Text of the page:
• General Friedrich Olbricht, who as a Chief of the Armed Forces Reserve Office initiated Operation Valkyrie. Executed on orders of Colonel General Fromm on July 20th, 1944
  • Johannes Popitz, Prussian Minister of Finance. In the summer of 1943, Popitz conducted secret talks with Heinrich Himmler, whose support he sought to win for a coup d’état and whom he tried to convince to take part in attempts to negotiate with the Western Powers for an acceptable peace deal. Thus becoming an important source of information about the plot for SS Reichsfuhrer. For some time Himmler protected him, but then decided to get rid of a dangerous witness – so Popitz was hanged on 2 February 1945 at Plötzensee Prison, in Berlin.
  • First Lieutenant Fabian von Schlabrendorff. Now this guy was lucky big time. On 13 March 1943, during a visit by Adolf Hitler to Army Group Center Headquarters in Smolensk, Schlabrendorff smuggled a time bomb, disguised as bottles of Cointreau, onto the aircraft which carried Hitler back to Germany. The bomb failed to go off, however (no one really knows why). Schlabrendorff managed to retrieve the bomb the next day and elude detection. He was put on trial (by the infamous Volksgerichtshof), but the trial was aborted when an allied bomb killed the presiding judge. He was sent to concentration camps but survived. After the war he became a Member of the Federal Constitutional Court in West Germany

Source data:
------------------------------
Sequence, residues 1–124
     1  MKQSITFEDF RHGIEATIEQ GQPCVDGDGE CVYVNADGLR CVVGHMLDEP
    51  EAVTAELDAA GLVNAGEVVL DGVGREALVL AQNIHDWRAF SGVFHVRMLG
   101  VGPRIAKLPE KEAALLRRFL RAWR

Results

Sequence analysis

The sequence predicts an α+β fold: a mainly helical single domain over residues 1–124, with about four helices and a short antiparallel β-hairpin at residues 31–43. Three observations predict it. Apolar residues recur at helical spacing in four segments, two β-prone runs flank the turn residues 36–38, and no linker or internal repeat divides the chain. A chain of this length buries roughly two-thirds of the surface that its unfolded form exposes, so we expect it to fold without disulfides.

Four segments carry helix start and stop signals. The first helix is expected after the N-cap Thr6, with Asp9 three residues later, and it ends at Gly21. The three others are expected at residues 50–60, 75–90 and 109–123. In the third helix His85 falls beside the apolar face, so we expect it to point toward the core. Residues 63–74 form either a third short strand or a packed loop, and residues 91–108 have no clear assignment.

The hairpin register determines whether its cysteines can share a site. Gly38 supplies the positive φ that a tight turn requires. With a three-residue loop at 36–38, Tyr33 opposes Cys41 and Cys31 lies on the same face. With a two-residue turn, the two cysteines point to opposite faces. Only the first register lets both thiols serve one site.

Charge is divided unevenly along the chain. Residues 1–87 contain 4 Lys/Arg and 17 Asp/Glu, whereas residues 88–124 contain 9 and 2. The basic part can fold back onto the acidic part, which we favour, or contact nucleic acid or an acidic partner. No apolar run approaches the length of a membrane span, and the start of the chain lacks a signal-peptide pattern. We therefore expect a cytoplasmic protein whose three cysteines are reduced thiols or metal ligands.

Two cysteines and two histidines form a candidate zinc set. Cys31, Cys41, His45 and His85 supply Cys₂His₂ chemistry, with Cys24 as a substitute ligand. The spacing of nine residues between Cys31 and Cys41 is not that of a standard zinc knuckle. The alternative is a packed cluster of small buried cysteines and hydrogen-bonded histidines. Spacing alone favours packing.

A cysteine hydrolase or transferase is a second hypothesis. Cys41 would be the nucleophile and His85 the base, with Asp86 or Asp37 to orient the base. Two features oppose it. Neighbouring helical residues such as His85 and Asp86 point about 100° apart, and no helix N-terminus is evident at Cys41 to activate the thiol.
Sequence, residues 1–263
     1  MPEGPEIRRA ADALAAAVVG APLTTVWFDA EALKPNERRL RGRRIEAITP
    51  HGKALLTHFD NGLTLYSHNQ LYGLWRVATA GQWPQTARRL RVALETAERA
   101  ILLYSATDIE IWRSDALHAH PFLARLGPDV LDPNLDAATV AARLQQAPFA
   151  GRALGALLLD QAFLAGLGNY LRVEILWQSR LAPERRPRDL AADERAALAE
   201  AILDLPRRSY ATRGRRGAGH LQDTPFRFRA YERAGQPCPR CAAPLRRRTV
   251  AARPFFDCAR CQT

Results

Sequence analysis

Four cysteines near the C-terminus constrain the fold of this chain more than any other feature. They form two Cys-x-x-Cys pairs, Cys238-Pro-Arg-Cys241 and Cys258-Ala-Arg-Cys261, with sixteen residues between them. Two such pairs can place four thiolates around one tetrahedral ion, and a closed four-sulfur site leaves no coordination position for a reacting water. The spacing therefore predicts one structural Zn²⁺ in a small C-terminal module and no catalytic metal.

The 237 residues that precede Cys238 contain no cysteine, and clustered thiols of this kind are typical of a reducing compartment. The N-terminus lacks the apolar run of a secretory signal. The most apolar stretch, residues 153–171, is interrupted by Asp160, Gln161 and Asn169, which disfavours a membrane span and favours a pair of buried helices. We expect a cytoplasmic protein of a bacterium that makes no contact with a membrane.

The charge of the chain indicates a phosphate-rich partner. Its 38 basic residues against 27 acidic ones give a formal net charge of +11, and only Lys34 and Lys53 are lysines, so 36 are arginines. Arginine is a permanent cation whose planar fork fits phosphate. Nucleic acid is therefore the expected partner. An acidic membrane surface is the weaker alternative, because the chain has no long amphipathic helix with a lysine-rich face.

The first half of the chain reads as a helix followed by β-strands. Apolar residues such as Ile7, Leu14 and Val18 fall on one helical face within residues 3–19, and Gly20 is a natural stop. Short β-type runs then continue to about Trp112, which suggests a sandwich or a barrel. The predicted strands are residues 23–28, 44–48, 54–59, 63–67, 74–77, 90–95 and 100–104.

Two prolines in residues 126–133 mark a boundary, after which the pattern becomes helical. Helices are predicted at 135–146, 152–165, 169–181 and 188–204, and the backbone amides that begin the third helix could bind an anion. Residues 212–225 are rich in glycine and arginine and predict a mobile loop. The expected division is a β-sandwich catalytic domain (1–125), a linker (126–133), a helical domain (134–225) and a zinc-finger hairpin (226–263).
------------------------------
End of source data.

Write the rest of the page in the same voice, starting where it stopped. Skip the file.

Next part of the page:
• Friedrich Werner Graf von der Schulenburg, the last German Ambassador to the Soviet Union before the invasion of June 22nd, 1941. He was a firm opponent of Operation Barbarossa and one of its fiercest critics
  • Colonel (General Staff) Claus Schenk Graf von Stauffenberg, plot leader and an unsuccessful assassin of Adolf Hitler. Executed by firing squad at Bendlerblock on July 20th 1944 on the order of General Fromm
  • Major General Henning von Tresckow – leader of several unsuccessful plots against Hitler in 1943 (but not of July 20th plot). Committed suicide on July 21st, 1944 after learning of a miserable failure of the latter
  • General quartermaster of the army Eduard Wagner, supplied a plane for von Stauffenberg that took the latter to Berlin
  • Field Marshal Erwin von Witzleben the highest ranking general actively involved in the plot (also one of the leaders of Oster/Halder conspiracy)